Diabetes and Employment Productivity: Does Diabetes Management Matter?

Diabetes itself affected working and wages more than control of blood sugar levels in a Mexican American population.
Published Online: August 08, 2011
H. Shelton Brown III, PhD; Adriana Perez, PhD; Lisa Marie Yarnell, PhD; Jose A. Pagan, PhD; Craig L. Hanis, PhD, MS; Susan P. Fisher-Hoch, MD; and Joseph B. McCormick, MD, MS

Objective: To determine whether labor market effects were the result of diabetes per se or rather depended on the degree to which diabetes was controlled through management of blood sugar levels.

Methods: This study utilized data from a recently completed survey of households in Brownsville, Texas, a largely Mexican American community with a high prevalence of diabetes that is located on the Texas-Mexico border. Diabetes management, or control, was measured by blood sugar levels, glycosylated hemoglobin (A1C) levels, and interaction terms. Methods used were probit and Heckman regression.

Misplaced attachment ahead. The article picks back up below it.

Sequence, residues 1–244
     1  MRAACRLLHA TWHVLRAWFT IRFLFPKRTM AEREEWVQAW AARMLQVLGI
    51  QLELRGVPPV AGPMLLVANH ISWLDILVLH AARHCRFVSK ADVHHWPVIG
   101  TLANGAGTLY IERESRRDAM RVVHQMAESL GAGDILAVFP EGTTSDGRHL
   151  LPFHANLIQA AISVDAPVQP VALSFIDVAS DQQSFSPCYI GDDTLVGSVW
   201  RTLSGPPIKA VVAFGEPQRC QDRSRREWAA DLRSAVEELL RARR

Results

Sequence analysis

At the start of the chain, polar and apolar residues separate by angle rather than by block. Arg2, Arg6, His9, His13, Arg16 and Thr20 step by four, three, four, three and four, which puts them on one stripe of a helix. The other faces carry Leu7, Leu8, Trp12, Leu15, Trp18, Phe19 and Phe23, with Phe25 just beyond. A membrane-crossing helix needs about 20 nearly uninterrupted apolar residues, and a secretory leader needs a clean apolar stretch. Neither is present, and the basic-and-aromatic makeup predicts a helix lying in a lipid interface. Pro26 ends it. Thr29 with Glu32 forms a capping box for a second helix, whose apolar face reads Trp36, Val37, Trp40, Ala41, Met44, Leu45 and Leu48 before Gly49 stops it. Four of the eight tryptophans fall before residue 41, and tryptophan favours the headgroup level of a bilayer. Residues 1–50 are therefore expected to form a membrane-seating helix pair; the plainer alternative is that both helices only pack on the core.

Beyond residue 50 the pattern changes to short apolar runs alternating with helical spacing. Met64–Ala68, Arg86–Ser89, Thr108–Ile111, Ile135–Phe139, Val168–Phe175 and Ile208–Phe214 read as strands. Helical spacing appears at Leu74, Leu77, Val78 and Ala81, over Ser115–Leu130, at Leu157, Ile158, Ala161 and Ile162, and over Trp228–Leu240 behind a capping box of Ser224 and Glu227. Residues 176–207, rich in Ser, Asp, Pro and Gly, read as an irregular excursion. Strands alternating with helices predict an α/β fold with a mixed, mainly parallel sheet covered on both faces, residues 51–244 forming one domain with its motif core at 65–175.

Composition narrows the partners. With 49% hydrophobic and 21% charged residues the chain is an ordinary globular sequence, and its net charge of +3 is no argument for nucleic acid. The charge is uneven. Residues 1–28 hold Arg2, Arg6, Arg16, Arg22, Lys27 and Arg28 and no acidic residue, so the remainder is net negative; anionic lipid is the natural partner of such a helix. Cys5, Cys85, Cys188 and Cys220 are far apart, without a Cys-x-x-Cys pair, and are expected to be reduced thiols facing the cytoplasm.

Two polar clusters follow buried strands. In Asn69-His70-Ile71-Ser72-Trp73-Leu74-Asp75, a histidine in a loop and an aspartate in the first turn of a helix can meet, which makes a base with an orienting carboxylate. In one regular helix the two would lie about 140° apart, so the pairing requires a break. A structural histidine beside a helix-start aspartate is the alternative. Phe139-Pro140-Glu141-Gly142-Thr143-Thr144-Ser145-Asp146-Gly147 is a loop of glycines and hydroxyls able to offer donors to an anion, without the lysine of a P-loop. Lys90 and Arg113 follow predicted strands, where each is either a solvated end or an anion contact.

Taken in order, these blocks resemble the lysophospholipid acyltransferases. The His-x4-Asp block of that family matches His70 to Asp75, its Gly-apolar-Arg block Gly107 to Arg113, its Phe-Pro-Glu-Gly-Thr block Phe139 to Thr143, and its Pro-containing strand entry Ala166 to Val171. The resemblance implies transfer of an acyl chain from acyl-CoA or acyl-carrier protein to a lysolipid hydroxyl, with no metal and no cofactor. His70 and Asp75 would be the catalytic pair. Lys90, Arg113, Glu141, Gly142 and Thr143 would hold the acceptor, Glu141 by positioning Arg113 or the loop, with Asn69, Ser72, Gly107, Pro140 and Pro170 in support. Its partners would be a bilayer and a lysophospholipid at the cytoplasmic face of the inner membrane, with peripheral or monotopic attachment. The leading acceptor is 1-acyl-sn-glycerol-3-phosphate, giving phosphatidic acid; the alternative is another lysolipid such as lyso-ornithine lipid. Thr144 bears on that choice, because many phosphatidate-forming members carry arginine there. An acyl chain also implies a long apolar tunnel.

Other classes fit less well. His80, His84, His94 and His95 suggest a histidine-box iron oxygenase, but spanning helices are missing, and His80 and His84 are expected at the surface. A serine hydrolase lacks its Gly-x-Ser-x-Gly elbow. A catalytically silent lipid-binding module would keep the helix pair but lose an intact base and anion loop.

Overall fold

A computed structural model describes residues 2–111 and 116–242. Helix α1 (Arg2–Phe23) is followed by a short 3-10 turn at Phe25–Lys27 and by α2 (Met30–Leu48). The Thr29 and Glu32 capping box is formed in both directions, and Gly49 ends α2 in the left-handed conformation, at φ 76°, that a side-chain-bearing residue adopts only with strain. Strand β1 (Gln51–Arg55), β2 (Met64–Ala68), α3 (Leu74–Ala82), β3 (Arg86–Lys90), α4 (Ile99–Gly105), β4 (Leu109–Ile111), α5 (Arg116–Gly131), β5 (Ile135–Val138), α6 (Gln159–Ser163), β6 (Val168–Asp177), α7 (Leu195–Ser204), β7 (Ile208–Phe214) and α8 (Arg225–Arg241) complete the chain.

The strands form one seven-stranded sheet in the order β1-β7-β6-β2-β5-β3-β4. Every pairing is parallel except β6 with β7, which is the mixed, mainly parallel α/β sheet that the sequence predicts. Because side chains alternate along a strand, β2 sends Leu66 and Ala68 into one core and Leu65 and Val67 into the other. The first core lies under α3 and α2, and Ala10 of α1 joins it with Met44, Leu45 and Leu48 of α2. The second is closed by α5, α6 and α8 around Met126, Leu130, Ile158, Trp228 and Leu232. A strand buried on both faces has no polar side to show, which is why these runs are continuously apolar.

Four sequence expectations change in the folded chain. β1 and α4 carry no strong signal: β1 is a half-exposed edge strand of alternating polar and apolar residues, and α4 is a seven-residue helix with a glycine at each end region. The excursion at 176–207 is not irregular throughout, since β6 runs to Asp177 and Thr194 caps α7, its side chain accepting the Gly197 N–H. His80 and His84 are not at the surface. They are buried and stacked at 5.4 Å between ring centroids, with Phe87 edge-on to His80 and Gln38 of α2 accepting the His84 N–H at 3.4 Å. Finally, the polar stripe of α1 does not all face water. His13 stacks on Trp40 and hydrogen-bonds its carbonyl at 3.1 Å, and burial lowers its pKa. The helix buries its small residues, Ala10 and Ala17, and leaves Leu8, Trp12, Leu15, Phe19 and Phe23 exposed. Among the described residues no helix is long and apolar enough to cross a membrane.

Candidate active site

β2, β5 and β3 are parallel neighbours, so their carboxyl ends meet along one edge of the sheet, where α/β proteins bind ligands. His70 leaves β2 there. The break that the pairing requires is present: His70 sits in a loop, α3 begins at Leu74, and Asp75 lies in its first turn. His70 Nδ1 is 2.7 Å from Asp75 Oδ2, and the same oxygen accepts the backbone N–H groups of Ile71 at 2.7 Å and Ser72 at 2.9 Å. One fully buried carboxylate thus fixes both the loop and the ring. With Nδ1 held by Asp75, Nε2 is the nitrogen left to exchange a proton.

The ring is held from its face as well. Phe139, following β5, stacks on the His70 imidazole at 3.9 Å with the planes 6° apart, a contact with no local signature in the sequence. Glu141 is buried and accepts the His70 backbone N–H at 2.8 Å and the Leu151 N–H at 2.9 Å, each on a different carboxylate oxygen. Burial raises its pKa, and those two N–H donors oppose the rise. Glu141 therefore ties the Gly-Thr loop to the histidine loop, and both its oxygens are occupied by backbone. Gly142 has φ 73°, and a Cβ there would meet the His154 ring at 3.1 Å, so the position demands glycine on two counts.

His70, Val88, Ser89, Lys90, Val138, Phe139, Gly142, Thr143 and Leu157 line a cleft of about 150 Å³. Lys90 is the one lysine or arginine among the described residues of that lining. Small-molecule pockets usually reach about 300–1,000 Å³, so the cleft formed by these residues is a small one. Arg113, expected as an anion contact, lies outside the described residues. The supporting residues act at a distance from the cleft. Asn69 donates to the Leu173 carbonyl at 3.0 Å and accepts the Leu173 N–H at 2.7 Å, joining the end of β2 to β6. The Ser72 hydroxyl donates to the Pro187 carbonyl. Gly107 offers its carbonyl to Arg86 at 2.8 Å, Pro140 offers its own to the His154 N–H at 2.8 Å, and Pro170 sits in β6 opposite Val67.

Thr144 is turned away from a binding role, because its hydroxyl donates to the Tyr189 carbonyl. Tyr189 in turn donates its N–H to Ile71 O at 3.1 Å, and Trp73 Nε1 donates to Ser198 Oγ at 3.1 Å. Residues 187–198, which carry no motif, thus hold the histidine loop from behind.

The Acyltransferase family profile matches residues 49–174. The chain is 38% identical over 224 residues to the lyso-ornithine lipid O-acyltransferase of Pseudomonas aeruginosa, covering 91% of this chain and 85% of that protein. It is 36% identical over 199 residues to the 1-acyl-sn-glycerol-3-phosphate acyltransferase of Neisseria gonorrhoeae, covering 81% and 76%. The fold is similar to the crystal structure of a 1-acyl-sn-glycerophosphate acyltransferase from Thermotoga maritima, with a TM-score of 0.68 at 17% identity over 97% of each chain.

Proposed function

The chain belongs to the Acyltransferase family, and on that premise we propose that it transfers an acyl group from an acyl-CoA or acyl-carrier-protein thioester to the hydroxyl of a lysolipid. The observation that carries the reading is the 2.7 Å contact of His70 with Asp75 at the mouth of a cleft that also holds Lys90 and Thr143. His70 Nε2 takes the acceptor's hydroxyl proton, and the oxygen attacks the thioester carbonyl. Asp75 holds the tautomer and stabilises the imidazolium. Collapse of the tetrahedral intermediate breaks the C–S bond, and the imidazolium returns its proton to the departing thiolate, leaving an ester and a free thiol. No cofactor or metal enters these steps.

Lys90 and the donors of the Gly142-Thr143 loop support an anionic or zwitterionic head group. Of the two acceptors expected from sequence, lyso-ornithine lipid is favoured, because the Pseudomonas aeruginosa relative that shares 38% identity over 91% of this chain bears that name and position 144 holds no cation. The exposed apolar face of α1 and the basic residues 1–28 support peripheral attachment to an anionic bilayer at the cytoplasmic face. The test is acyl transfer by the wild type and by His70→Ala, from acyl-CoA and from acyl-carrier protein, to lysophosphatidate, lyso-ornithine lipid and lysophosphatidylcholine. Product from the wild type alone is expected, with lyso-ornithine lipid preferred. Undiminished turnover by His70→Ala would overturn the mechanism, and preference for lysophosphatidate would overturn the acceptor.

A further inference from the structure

Results: Management of diabetes did not appear to have a discernible impact on labor market outcomes in the short run. However, diabetes was negatively associated with male productivity, particularly in males’ propensity to work. The new American Diabetes Association (ADA) definition of diabetes is based on having an A1C level of <6.5%. Using the new ADA definition, diabetes was negatively associated with female productivity. Female productivity was also negatively associated with the new ADA definition of prediabetes (A1C levels between 5.7% and 6.4%). However, very few people with diabetes actually controlled their blood sugar or A1C levels.